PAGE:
His voice was as monotonous as a metronome and it was only after a minute that I shook myself and noticed that he was conflating Islamism and Islam. I have my problems with the accusations of Islamophobia that are thrown around so freely. I can develop phobias about any religion which places the supposed dictates of its God, or gods, above the laws of free parliaments. But I fully accept that to say all the world’s 1.5 billion, or so, Muslims support jihadism or salafism is false and prejudiced. Yet here was a former emeritus professor of logic, a philosopher who drops the names of his friends “Freddie” Ayer and Stuart Hampshire, making a crass howler. I pointed this out.

He boomed back: “I’m happy to take the correction. Rewrite the thing in terms of al-Qaeda.”

No chance, I thought, and moved on to his philosophy. Honderich is a consequentialist. That is, he believes that the consequences of a decision or failure to make a decision are more important than motives. For Honderich, if you don’t give money to Oxfam or the Red Cross, you are killing Africans as surely as if you had deliberately stopped a food convoy reaching a refugee camp. That you may never have given Africa a second’s thought is neither here nor there.

After the Terror, his response to 9/11, begins with heart-rending descriptions of world poverty. The insinuation is that he believes that the attacks on New York and Washington were a consequence of the failure of the rich world to tackle malnutrition and disease.

“Surely, you don’t believe that,” I say. “Al-Qaeda has no connection to famine in Chad or Aids in Malawi.”

Surprisingly, given the space he devoted to the state of sub-Saharan Africa, he accepts my argument without reservation. “I think that’s the kind of utterance we’ve really got to fight against. To say that radical Islamist movements are the result of poverty is the last thing I would say.”

Al-Qaeda isn’t the fault of poverty, it turns out. It’s the fault of the Jews. “With respect to 9/11, its prime necessary connection is neo-Zionism. Not the establishment of Israel but the expansion of Israel into the last fifth of historic Palestine and I stick to that absolutely.”

I put the usual objections, that we’ve had Ba’athism, the Iranian revolution and al-Qaeda campaigns from the Philippines to his native Canada. Wasn’t he worried that he was sounding a little anti-Semitic when he blamed all this violence on a filthy little war over a patch of land on the eastern Mediterranean? Wasn’t he once again turning the Jew into a supernatural figure responsible for half the violence on the planet? He wouldn’t accept that. Nor would he accept that he had switched from defending the far left to defending the far right. “There is a great deal of continuity in my work,” he said with orotund satisfaction. “There is, and I’m perfectly happy about that.” He was “delighted” not to be like “a lot of people, of whom perhaps you are one, who have managed, as you would say, to educate yourself and change your views under various pressures. One of them, by the way, is the pressure of being Jewish.”

This was getting ridiculous. I’m no more Jewish than is David Aaronovitch. You don’t have to be Jewish to oppose psychopathic right-wing movements. You just need to have had an education in the anti-fascist tradition.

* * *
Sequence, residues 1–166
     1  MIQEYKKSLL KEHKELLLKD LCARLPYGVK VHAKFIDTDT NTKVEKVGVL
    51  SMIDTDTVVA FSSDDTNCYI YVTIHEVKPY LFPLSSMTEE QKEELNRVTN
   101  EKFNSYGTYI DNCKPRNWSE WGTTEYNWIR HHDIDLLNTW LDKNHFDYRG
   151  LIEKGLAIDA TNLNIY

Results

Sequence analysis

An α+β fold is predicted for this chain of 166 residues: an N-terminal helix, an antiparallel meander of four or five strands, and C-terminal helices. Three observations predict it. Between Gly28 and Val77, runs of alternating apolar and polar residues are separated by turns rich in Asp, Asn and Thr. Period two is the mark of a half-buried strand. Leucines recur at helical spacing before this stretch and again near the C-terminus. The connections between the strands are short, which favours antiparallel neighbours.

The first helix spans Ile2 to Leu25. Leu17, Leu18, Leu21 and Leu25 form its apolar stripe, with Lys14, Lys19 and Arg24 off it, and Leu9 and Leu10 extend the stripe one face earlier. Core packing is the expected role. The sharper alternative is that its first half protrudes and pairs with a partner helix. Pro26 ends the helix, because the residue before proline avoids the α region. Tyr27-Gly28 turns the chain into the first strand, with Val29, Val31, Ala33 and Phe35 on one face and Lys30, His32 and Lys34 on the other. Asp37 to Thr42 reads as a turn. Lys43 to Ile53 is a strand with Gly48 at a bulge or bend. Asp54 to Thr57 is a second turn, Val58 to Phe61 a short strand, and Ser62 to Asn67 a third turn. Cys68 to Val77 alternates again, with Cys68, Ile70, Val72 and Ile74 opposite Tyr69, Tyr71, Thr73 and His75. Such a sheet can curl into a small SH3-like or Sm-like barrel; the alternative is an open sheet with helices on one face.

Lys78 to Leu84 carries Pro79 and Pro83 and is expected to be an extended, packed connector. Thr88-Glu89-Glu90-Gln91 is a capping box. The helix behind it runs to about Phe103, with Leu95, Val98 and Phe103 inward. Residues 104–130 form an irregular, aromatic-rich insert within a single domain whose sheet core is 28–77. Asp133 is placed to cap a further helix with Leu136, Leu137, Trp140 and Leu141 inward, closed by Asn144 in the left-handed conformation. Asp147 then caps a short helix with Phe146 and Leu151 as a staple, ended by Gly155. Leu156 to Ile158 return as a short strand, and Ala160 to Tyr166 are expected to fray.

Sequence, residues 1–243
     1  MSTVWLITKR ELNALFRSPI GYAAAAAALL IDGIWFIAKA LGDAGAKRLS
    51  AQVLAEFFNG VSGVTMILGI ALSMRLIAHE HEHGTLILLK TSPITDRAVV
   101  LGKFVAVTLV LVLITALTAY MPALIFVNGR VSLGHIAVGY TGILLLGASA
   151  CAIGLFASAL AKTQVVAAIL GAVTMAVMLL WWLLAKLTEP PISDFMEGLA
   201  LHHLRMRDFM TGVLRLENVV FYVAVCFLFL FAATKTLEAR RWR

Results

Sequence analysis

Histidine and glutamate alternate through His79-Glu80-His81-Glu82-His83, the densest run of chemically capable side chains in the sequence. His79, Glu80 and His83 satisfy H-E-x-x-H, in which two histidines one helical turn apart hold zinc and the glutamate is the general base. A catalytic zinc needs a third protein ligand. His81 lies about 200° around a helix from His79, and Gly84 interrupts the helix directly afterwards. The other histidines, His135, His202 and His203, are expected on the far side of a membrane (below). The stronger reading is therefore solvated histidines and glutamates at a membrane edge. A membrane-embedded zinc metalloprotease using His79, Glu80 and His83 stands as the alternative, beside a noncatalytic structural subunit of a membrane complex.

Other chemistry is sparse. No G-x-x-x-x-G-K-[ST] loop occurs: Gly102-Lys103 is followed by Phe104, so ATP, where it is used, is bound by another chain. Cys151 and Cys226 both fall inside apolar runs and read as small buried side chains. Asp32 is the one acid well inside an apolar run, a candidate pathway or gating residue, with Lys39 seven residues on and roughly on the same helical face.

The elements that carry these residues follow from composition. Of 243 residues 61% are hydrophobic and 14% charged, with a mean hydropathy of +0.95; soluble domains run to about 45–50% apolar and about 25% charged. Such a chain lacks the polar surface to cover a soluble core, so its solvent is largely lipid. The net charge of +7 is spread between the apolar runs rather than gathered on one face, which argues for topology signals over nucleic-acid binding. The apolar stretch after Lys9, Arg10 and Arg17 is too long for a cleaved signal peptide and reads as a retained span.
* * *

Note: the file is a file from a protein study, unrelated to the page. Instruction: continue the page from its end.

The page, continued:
Emotional consequences

But there was no stopping him. Not only Jews in general, but me in particular were responsible for mass murder.

“Everything is very dark at the moment and you are making a contribution to it. The world is ever darker. It’s a shitty place now and you are also responsible, [you] bear a part of the responsibility for 9/11 and 7/7.” Without pausing for breath, he added: “I liked your book, by the way, on new Labour.”

Old hands at interviewing never walk out. But I’m new to this and was overcome by the urge to escape. More than anything else, I was unnerved by his ability to denounce me one minute and flatter me the next. “Well, I’ve got another one on the way,” I said. “And, trust me, you won’t like it.”

With that, I headed off, past the posturing mannequins of the Victoria and Albert Museum, past the fossilised dinosaurs of the Natural History Museum and into the welcome embrace of the dangerous city. It was only when I was making my way home through Tavistock Square that I realised the “root cause” of the errors of Honderich and those like him. In a review of After the Terror for the online journal Democratiya, Jon Pike, a philosopher with the Open University, told me something I hadn’t realised about the 7/7 attacks. The bus bomb in the square exploded just round the corner from Honderich’s University College. Emails flew across the net, as academics checked that the bomber hadn’t killed their colleagues. All the philosophers survived to carry on speculating. University College’s sole fatality was Gladys Wundowa, a Ghanaian cleaner and charity worker.

If Honderich could have brought the bus bomber Hasib Hussain back to life and asked him what kind of society he had murdered her to create, what would he have said? If that sounds too speculative, look at the societies being created by the movements Honderich explains away as the fault of others. Would feminists, socialists, liberals, religious minorities and atheists be happy living in a Palestine ruled by Hamas rather than Fatah, or modern Iran, or Afghanistan, if al-Qaeda and the Taliban come back, or Iraq if the “insurgents” win? Would emeritus professors?

It’s a poor consequentialist who can’t think about consequences. Honderich can’t because, I think, the emotional consequences of admitting that not all the darkness of the world is the fault of the west would be too great for him to endure.